• Get comfortable so that half way through their/your legs won’t be asleep.
  • Focus on listening for the animals that will come in from all directions.  (If you turn too quickly to look, you’ll lose your chance; better to listen first.)
  • If your child finds holding still for that long too difficult at first, you can throw a blanket over them so that just their face shows.  This will allow them to twiddle their thumbs, scratch the inevitable itch, and move ever so slightly without nearby critters noticing.

Learning to hold still is the stepping stone to many wonderful natural moments.  Both hummingbirds and chickadees will land on outstretched hands that haven’t moved for some time (with hummingbirds, place your finger near a hummingbird feeder, like a perch, and wait, or do like this lady did; with chickadees, stand near your birdfeeder with seed in your outstretched hand—here is an excellent instructional on handfeeding.  Nature photography, for beginners and experts (here’s a fun example!) alike, begins with finding a good spot, and waiting as long as it takes  (if you’re into wildlife photography, here are some good tips.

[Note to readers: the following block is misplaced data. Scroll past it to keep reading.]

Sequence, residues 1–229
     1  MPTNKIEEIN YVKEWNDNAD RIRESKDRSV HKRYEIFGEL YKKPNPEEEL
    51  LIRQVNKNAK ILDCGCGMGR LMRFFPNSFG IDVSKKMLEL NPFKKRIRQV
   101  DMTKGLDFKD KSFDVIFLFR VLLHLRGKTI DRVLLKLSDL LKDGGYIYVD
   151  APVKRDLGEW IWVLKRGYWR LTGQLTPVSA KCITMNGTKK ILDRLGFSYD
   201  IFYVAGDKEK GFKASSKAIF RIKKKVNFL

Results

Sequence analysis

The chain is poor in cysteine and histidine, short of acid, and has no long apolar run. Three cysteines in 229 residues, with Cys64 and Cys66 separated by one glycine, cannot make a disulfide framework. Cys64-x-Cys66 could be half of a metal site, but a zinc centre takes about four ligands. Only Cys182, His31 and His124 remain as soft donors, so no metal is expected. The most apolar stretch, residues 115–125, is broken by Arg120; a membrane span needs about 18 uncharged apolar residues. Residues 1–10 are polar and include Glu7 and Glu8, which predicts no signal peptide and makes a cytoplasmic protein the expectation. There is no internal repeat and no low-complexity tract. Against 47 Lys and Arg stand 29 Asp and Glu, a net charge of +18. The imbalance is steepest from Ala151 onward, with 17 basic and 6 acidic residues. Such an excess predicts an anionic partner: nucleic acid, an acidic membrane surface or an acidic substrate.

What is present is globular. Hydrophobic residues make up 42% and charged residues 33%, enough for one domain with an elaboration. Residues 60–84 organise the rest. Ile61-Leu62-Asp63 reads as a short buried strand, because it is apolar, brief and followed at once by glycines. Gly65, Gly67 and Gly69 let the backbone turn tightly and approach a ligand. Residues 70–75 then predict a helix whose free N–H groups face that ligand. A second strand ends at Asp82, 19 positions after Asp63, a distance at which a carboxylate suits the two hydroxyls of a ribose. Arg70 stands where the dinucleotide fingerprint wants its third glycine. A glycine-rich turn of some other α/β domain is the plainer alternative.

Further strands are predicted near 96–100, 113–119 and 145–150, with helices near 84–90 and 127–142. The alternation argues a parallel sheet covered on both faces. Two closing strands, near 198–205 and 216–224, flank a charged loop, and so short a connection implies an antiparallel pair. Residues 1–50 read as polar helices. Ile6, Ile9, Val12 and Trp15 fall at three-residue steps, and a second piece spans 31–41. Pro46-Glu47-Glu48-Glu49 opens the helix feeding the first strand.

The skill is an important one, especially for children.  It teaches the value of patience, the rewards that come with waiting, how to focus for long periods of time, and the important skill of observing.  It reminds them that the world doesn’t always move as fast as television would make it seem.  And it gives them something to brag about later (“I was five feet from a squirrel and he didn’t even know I was there!”).  The squirrels in my back yard move at the same speed that they did when my grandfather was a child—nature is immune to the social revolution in which your children find themselves, and provides a natural context for learning skills that apply to every generation.